The Impossible Presidency

The former White House photographer Pete Souza’s book, a collection of more than 300 photos of Barack Obama’s presidency, is a tour through the psychological landscape of the office. President Obama stands by the bedside of wounded soldiers he sent into battle and in the ruins left by natural disasters. He counsels his daughter from a seat on the backyard swing while on television oil oozes from the Deepwater Horizon spill. He sits, leans, and paces through endless meetings. He plays host—to the Chinese president, the Israeli premier, Bruce Springsteen, Bono, kids in Halloween costumes, African American boys and girls.

The presidential brain must handle a wider variety of acute experiences than perhaps any other brain on the planet. Meanwhile, the president lives in a most peculiar unreality. His picture is on almost every wall of his workplace. The other walls contain paintings of the men who achieved greatness in his job, as well as those who muddled through. It’s like taking a test with your competition’s scores posted around you.

As Lyndon Johnson put it, sometimes the president is little more than “a jackass in a hailstorm.”

James K. Polk’s wife, Sarah, was so concerned that the 11th president might enter a room unnoticed, she asked the Marine Band to play “Hail to the Chief” to get people to turn their head when he arrived.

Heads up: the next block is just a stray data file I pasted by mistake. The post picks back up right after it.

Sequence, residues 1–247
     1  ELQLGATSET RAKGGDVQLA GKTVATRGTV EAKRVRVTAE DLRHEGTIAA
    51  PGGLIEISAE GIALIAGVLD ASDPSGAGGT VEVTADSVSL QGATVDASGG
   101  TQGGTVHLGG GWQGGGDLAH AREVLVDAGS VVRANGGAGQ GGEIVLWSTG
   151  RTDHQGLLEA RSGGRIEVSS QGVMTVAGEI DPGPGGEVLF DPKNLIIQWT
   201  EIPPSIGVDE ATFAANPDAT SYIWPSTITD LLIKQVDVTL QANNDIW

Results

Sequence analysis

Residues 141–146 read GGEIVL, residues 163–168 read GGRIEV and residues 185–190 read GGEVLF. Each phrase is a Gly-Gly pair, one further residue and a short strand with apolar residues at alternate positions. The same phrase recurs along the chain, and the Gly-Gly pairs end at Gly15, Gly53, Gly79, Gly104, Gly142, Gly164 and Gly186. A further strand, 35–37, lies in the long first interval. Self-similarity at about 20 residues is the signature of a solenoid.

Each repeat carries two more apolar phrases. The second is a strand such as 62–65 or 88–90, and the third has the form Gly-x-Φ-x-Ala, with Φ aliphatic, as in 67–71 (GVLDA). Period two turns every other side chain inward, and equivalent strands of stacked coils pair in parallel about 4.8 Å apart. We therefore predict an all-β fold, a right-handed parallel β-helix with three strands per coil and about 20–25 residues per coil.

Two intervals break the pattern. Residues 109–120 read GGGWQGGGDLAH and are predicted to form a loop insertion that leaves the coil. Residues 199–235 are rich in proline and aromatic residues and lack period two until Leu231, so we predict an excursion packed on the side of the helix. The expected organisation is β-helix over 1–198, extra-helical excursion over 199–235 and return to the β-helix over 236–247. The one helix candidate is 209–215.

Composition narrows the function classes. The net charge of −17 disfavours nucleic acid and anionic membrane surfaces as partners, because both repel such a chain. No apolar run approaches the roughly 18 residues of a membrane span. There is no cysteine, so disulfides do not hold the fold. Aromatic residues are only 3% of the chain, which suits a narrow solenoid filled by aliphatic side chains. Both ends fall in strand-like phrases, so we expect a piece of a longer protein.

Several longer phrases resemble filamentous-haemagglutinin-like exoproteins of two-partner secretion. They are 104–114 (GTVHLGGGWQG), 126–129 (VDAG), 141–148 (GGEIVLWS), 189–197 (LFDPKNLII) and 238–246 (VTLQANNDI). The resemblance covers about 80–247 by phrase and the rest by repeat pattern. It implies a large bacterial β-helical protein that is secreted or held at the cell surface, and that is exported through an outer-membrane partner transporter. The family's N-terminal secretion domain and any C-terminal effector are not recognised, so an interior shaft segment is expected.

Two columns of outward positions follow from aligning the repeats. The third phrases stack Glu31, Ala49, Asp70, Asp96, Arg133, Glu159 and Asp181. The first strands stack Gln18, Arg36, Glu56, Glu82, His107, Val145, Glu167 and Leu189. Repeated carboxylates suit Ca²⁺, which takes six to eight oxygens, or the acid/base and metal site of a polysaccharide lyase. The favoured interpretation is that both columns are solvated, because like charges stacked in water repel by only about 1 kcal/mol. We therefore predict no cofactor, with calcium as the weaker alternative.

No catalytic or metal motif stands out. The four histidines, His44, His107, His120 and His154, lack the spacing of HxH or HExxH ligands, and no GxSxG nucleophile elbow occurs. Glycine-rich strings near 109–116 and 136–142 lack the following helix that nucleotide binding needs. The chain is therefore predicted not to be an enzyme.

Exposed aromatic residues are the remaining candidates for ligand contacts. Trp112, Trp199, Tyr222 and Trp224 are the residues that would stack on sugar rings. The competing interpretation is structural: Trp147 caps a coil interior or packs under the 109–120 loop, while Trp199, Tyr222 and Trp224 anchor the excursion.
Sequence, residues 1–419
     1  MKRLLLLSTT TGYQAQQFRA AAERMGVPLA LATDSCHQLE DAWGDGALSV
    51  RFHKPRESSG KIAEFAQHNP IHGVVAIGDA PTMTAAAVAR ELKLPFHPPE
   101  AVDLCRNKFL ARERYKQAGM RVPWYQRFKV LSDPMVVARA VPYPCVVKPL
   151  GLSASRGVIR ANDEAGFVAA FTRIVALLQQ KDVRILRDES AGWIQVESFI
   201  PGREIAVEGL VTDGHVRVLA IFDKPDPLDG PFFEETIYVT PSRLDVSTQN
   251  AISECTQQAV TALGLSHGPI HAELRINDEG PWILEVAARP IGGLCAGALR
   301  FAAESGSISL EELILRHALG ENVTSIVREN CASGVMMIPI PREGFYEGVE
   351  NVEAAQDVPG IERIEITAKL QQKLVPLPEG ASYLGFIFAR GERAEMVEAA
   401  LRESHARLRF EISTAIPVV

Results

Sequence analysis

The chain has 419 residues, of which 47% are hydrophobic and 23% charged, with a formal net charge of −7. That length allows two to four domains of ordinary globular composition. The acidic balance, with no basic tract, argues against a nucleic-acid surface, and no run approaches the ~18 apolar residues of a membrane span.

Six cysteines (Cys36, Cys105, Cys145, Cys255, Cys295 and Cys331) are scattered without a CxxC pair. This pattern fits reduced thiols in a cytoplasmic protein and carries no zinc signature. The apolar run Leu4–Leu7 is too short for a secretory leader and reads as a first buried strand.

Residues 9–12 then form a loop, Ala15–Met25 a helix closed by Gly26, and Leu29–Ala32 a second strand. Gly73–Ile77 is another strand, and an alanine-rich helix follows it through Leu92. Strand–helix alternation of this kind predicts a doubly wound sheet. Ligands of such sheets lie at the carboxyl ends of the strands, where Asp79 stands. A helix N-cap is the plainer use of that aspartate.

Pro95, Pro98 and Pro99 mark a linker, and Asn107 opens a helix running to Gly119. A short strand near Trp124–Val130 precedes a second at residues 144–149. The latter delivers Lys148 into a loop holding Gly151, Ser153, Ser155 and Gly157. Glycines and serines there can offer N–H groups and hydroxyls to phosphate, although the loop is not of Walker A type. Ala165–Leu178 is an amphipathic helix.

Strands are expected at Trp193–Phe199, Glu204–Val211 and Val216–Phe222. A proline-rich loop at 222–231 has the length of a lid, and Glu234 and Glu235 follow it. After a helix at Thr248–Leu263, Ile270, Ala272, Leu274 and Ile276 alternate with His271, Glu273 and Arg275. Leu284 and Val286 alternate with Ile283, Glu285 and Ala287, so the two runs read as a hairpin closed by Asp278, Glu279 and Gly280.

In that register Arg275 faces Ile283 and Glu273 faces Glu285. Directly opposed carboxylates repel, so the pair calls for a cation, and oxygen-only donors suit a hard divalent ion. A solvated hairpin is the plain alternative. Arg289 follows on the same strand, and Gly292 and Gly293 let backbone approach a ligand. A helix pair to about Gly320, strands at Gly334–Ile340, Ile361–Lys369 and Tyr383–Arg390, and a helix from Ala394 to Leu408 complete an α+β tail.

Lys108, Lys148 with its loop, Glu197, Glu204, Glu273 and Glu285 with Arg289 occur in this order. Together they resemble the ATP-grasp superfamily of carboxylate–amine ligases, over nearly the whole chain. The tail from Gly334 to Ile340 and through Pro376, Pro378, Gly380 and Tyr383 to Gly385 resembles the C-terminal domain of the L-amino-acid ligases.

Today we notice when the president doesn’t show up. We are a president-obsessed nation, so much so that we undermine the very idea of our constitutional democracy. No one man—or woman—can possibly represent the varied, competing interests of 327 million citizens. And it may be that no man—or woman—can perform the ever-expanding duties of office while managing an executive branch of 2 million employees (not including the armed forces) charged with everything from regulating air pollution to x-raying passengers before they board an airplane.

In 1955, Eisenhower went on vacation during a harsh hurricane season. His absence from the scenes of devastation was not the subject of endless press discussion and criticism.

Historian Jeremi Suri of the University of Texas at Austin, discusses how the presidency, has changed and declined over time, in his new book, "The Impossible Presidency: The Rise and Fall of America's Highest Office." He suggests that Trump is what happens when people get fed up with presidents who mostly fail- 'The impossible presidency results in an impossible president'